My proxy configuration file is here. It comes from Ad Blocking with a few more entries added by me at the beginning. Feel free to use it. Please copy it to your system. Do not link it directly to avoid unnecessary traffic to the CS web server.

Download Nobanner

Currently, it has not been heavily tested. Use at your own risk. When I will have time, I will make the code more robust (i.e. to avoid possible buffer overflows, add more error checks etc.) and release it as 0.1.x (x > 0). Future versions may have a logging feature.

Update (2002-11-07) - Note that I have been using it for a few months now with great success.

Release 0.2.0

It has been tested on the following platforms: Linux, FreeBSD and Mac OS X. It should work on other unixes also.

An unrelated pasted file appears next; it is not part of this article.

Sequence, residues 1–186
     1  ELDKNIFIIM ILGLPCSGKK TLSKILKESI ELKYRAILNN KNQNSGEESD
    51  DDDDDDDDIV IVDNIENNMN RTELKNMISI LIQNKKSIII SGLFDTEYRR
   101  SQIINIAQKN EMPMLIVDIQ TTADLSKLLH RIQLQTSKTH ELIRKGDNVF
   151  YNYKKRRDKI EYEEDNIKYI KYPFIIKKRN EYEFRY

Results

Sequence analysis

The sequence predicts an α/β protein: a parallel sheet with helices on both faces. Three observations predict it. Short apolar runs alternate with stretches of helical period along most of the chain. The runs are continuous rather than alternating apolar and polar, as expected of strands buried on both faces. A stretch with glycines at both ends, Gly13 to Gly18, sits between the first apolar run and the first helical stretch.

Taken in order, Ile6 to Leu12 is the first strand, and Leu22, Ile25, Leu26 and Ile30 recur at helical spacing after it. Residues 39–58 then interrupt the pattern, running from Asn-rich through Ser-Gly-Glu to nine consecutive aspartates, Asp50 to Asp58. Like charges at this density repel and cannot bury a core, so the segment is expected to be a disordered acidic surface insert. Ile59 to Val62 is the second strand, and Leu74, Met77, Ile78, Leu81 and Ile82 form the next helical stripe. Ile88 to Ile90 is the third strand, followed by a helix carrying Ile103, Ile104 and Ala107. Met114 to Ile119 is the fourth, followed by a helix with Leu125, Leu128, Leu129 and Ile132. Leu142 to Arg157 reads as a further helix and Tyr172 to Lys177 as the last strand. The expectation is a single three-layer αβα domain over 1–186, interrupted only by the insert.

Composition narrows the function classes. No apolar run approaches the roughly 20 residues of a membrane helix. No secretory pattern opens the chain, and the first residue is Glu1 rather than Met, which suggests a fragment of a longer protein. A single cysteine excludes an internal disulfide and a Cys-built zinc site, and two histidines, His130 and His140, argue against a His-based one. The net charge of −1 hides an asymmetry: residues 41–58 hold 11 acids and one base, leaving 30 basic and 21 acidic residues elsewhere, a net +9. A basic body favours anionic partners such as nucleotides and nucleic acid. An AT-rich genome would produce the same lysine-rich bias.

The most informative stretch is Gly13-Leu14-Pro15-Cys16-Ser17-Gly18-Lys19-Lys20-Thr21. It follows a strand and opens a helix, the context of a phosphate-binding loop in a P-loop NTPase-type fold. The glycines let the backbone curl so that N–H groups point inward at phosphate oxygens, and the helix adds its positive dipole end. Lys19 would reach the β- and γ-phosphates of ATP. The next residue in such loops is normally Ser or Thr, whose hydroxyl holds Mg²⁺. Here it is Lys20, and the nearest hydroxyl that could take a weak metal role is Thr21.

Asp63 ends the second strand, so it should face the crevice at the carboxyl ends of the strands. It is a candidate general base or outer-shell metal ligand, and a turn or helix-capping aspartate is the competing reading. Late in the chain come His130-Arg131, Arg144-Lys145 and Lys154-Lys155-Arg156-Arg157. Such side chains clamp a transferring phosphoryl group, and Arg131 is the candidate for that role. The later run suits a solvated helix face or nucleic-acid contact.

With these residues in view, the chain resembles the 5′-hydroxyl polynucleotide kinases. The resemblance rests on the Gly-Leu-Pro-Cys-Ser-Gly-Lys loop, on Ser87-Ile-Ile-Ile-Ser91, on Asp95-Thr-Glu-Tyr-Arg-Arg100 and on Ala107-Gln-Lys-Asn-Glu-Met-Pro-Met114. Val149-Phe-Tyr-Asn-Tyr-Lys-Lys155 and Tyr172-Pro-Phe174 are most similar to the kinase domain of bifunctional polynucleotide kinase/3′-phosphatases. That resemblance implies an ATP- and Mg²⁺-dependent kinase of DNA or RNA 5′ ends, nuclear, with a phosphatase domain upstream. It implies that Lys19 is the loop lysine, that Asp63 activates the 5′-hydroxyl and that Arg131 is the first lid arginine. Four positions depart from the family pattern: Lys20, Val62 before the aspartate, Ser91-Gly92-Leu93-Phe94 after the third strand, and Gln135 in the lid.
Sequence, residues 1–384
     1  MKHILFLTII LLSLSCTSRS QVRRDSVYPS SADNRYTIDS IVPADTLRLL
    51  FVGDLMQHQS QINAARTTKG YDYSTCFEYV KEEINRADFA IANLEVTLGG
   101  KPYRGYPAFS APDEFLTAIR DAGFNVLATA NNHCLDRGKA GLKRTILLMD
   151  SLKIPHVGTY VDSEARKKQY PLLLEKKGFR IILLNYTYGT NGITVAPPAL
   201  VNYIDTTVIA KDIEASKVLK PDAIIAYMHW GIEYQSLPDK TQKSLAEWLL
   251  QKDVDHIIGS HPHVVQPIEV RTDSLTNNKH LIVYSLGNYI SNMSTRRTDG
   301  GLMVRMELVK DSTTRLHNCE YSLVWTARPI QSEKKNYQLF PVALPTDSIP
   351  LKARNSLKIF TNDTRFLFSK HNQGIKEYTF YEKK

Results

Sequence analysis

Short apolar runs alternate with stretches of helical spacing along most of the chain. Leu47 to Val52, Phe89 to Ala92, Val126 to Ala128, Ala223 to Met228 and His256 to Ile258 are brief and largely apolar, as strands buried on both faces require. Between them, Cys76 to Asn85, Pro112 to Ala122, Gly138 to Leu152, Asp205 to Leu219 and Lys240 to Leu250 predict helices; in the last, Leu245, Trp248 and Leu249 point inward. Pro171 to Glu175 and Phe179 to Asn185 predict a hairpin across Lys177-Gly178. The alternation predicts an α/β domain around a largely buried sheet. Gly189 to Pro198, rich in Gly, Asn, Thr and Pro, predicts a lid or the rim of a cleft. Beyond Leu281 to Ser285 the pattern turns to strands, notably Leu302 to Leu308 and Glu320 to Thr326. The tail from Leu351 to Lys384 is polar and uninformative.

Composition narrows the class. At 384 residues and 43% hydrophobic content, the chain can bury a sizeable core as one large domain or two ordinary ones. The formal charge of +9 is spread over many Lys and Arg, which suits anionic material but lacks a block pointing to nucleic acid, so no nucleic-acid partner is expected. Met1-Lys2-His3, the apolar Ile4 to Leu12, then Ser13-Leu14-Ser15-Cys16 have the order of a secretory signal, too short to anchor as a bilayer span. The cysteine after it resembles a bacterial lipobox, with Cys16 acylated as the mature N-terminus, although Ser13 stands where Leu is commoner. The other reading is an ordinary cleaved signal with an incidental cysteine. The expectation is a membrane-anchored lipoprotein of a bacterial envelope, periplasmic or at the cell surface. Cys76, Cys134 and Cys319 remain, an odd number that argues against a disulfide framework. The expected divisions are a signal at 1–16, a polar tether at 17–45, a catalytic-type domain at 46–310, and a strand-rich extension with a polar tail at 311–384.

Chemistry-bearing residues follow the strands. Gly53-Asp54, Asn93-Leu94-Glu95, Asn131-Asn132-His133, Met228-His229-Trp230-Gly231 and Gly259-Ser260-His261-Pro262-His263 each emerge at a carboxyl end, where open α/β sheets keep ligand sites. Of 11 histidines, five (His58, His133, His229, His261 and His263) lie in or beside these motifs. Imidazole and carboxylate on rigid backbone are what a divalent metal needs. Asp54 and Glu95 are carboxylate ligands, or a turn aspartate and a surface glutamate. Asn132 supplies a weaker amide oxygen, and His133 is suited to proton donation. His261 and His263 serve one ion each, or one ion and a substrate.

Update (2002-11-07) - Release 0.2.0. Did a small change so it compiles on Mac OS X. For some reason, socklen_t is not defined on Mac OS X. Note to users of version 0.1.0, there is no new features in 0.2.0. It is only a port to Mac OS X. Note to Mac OS X users, nobanner is still a true command line unix application, there is no graphical version of it (at least not yet). You need to have the developper tools installed and know your way around in the Terminal.

README     - Some instructions
COPYING    - The license
Makefile   - Simple Makefile
nobanner.c - The program

Older Releases
Release 0.1.0


Send comments/questions/suggestions to dbelan2@cs?mcgill?ca (replace ? by .).

I would like to know if you find it useful.


Email: dbelan2 (same domain as website)